Tornado sirens: 'Cold War technology'

Tornado sirens: 'Cold War technology'

CHAMPAIGN — After a rainy Thursday filled with severe thunderstorm warnings, over 100 people packed into a Parkland College auditorium to learn how to spot tornadoes.

These volunteers play a key part of the process for emergency officials sounding tornado sirens.

"In many cases, the local spotters, they're going to be reporting into that emergency manager or maybe the fire chief that's going to make that call. It's the eye-witness type of report that's critical to that process," said Chris Miller, National Weather Service warning coordination meteorologist.

While twisters occur throughout the year, April is the beginning of tornado season.

And spotters in Illinois are kept busy.

The Land of Lincoln averages 12 tornadoes during April, up from three in March, according to the NWS' Storm Prediction Center. The state has the fifth-most tornadoes per square mile, behind Kansas, Florida, Oklahoma and Iowa.

The annual statewide tornado drill took place March 7. In Champaign County, all 84 sirens passed the test, which also included a message on TV from the NWS.

The county will conduct its regular monthly siren test again this Tuesday at 10 a.m.

While weather alerts are issued by the NWS, based on radar and spotter reports, the decision to sound a tornado siren is often a judgment call by a local emergency official.

The Champaign County Emergency Management Agency can control all the sirens in Champaign, Urbana and Savoy.

"There's a box that we have that has a key. You turn the key, and then you hit the right buttons to sound the alarm," said John Dwyer, director of the Champaign County EMA. "We have a box, as well as the 911 center."

In Thomasboro, which has three tornado sirens, storm coordinator Laurel Zook said "it can be a hard judgment call" that depends on updates from NWS and a local spotter who's a "weather fanatic."

"I'm very particular about how I do that," Zook said. "If you activate it on a whim here and there, then you've just freaked a bunch of people out for no reason. Are they going to believe you the next time?"

She's been doing this for about 14 years, so she knows what to look for.

"We watch the storm system coming in," she said. "If there's a rotating wall cloud, there's a strong possibility a tornado could drop out, so that may be something we activate for."

Also, "if there's a storm coming through Mahomet, it's probably going to catch us," Zook said. "We try to give everyone as much warning as possible. They generally don't get more than 10—15 minutes of warning anyways."

If Zook authorizes sounding the tornado siren, her dispatcher will set them off using a two-part radio-controlled system.

Emergency officials try to avoid "crying wolf," which is why Pesotum had a headache in 2013 when its tornado siren sounded for no reason.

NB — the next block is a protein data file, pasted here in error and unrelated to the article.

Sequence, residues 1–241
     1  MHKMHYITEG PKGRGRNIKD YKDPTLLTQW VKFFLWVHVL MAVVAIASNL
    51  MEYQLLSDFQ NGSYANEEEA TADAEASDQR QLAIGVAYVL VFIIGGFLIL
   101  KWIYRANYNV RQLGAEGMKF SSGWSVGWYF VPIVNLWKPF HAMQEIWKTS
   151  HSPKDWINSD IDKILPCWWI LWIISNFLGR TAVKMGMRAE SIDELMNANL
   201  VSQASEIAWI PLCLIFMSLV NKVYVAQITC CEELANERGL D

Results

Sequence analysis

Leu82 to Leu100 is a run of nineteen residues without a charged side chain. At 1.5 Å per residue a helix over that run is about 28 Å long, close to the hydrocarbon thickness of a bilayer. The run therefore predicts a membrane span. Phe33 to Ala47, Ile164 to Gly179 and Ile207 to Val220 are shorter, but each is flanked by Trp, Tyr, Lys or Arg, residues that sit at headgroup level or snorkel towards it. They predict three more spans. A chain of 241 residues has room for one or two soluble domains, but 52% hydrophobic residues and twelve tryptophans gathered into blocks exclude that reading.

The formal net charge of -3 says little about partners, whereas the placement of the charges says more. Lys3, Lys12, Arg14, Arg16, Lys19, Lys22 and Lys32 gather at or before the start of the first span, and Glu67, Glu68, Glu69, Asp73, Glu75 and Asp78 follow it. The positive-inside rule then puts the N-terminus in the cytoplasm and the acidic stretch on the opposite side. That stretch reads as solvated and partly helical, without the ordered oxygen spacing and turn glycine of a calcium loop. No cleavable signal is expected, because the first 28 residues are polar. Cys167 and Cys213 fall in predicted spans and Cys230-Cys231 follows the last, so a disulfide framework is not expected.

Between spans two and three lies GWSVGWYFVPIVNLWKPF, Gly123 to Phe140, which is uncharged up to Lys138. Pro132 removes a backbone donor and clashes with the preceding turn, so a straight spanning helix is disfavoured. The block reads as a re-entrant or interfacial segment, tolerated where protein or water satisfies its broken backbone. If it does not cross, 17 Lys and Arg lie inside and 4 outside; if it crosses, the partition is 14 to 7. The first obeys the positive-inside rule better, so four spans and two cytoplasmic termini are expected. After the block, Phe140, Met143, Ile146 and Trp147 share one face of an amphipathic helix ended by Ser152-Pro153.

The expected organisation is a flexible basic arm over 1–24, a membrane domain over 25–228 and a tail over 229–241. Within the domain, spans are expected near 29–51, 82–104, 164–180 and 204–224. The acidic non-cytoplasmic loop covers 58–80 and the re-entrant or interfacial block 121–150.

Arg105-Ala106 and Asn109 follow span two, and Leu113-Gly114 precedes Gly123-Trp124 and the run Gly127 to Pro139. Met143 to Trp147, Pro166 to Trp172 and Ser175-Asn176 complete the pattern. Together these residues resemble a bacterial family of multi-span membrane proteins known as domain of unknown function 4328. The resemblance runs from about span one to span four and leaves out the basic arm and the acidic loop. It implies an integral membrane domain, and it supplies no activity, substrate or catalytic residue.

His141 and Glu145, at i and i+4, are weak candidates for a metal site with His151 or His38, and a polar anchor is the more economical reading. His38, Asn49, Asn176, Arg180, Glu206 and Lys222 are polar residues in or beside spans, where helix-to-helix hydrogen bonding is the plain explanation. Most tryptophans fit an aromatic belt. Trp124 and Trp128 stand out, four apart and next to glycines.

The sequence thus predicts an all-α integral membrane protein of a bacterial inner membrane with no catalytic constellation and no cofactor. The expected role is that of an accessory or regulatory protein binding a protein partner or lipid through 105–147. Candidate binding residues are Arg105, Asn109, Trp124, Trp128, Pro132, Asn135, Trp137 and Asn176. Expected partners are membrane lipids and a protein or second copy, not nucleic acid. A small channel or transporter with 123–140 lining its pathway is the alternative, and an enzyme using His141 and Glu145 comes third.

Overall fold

While the village never determined what caused the false alarms — whether it was malicious or malfunctioning — the siren has been fixed.

"We had the company that we bought the sirens from do some work and reset the calibration on it that allows us to set it off," Village President Cheryl Smitley said. "It works fine now and hasn't happened since then."

Mahomet has six tornado sirens and is adding a seventh, said Gary Crowley, who operates the town's sirens.

"We're expanding to the northeast and covering an area not really covered by the sirens," he said.

The new siren will cost about $23,000 to $25,000, Crowley said.

When a tornado hit Gifford on Nov. 17, 2013, it blew down one of the town's three sirens.

Gifford replaced it for "close to $30,000," Police Chief Sean Weary said, most of which was covered by grants or insurance.

Tornado sirens in Champaign County are clustered where people are.

This means people living in rural areas between towns, such as Zook, might not be able to hear the nearest tornado siren.

"I live between Rantoul and Thomasboro," Zook said. "If we're real lucky and the wind is blowing right, we can barely hear Rantoul's."

Zook tried to get a siren installed at the mobile home park where she lives, but the cost proved to be prohibitive.

While people in the country might not be able to hear the sirens, just about every emergency official interviewed for this story pointed out without prompting that tornado sirens are outdoor warning sirens.

"You won't hear them inside your house," Mahomet's Crowley said. "If your windows are closed, you're not going to hear it unless you're right under it."

The NWS' Miller said sirens aren't necessarily the best way to learn about a potential tornado.

"There's so many ways to get information," he said. "Don't just say, 'I'm not going to go to the basement until the siren goes off.'"

He encouraged people to use a weather radio and to monitor social media. Smartphones also now automatically send alerts for tornado and flash flood warnings.

"To be honest, it's Cold War technology," Miller said about tornado sirens. "It's an important part of the process, but what people have to understand is, it's not the only part of the process."

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